Tuesday, November 26, 2019

Ireland - Installment II

Doolin, a small, mostly tourist, village near the Cliffs of Moher and about an hour's drive from Shannon Airport was our first scheduled stop over in Ireland. We arrived there well before check in time at our b&b so we drove around the area a bit just to check things out. Since we traveled in September the tourist trade was very light and the streets not very crowded so our first impression was of a charming, picturesque Irish village. Rich, still becoming accustomed to the differences in driving, decided to venture out of town for a look around the countryside. We decided to stop for a mid-afternoon snack at a charming looking little tea room, The Stone Cutter's Kitchen, where I had my first taste of tea and scones, and the famous Irish hospitality. The somewhat rickety, mismatched tables and chairs only added to the authenticity of the little cafe. Our server was a lovely young woman who spent quite a bit of time chatting with us. She seemed surprised when we remarked on the narrow road and informed us that it was one of the larger highways in Ireland!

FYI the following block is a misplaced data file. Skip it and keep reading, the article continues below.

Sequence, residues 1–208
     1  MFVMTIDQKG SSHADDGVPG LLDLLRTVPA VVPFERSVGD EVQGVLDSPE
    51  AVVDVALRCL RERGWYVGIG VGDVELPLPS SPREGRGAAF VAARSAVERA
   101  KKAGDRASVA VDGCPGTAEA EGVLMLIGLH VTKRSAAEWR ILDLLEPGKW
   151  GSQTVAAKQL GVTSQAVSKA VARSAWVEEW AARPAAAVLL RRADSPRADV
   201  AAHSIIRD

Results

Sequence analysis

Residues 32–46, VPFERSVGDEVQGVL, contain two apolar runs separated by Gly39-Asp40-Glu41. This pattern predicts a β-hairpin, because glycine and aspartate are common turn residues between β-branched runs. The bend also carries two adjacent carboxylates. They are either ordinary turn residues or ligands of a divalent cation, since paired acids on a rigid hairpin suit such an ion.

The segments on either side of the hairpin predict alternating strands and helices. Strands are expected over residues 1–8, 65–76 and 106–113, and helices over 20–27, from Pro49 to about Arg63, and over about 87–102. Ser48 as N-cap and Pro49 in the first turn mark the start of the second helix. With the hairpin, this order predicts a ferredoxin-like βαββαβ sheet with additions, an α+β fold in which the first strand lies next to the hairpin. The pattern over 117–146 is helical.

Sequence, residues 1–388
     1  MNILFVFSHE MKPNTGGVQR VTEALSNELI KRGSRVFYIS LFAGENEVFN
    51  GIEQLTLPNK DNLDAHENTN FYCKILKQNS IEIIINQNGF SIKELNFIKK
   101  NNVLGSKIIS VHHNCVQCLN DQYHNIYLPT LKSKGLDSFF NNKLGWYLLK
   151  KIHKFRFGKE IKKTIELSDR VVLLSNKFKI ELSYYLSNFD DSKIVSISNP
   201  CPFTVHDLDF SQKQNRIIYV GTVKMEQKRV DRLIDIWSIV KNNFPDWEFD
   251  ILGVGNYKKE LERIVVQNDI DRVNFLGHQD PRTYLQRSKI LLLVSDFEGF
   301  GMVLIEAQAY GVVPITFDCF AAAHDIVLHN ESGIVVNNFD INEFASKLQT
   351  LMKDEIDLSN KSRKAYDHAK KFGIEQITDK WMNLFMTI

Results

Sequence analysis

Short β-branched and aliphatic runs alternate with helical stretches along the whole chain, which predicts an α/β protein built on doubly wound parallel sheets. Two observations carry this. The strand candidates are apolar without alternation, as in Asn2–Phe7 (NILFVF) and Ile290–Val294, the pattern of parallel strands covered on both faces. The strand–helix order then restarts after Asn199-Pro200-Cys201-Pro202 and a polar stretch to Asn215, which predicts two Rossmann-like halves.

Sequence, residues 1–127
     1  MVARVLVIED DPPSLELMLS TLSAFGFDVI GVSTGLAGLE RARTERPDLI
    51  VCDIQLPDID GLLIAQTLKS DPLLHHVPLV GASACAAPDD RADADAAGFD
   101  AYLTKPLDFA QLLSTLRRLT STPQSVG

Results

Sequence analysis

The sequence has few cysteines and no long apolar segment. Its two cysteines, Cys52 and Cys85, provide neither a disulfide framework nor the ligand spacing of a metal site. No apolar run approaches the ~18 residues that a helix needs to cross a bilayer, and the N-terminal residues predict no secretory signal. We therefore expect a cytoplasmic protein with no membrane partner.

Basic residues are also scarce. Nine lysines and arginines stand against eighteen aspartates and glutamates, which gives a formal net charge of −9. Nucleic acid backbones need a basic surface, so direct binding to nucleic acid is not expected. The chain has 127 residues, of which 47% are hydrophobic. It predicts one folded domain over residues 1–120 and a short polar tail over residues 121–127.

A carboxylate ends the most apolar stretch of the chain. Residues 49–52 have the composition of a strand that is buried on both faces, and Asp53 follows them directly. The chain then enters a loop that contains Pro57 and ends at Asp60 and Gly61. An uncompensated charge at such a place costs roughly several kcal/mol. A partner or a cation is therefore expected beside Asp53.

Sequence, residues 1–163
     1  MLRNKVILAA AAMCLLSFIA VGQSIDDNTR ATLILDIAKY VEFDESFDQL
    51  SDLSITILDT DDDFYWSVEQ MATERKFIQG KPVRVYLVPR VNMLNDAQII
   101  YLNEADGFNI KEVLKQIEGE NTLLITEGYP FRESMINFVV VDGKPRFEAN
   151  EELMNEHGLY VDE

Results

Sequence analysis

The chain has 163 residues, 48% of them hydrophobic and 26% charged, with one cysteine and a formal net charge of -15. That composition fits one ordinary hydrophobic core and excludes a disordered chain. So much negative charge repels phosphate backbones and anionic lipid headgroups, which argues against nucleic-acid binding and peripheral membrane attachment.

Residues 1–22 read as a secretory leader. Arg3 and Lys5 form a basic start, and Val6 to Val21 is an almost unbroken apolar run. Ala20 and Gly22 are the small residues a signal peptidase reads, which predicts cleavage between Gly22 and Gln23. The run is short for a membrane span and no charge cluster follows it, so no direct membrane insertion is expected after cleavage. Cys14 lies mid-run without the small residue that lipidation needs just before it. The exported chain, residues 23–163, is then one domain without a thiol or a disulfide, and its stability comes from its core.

Fortified, we drove back to Doolin for check in at our b&b, Cois na hAbhann (Cush nah Own, by the river) where were met by a friendly, blue eyed husky named Mishka.  Our host, Brian, came out to the parking lot to greet us and help carry in our bags.  He led us down a short hall way to our room at the back of the house. We found it to be a comfortable,  light and airy room with views of the hilltop where contented cows were grazing and a small, stone wall encircled lot at the side. Brian showed us the breakfast room and pointed out the tea and coffee station that was available 24-7 and Dimpna, his wife, came out from the kitchen to welcome us. After a few minutes of easy conversation they both felt like old friends that we hadn't seen for a bit.

View from our window at Cois n hAbhann

Since it was a beautiful, sunny day and we had time before dinner, Brian advised us to go see the nearby Cliffs of Moher. So our  first real touristy excursion was to the famous Cliffs of Moher and as I mentioned earlier, as we traveled in the off-season, it wasn't at all crowded. It was, however, an exceptionally windy day and we chose to walk up the more civilized paved stairway on the shoreline facing the cliffs instead of hiking the path over the cliffs themselves. We had heard so many stories of tourists who got blown off the cliffs by strong gusts on windy days. It was a wise choice. Rich, who is more firmly anchored to this earth than I, walked all the way to the top. I chose to stop half way, sheltered by a shoulder-high stone wall, since some of the gusts had caught me by surprise and sent me off balance. The Cliffs of Moher were still an awesome sight from afar.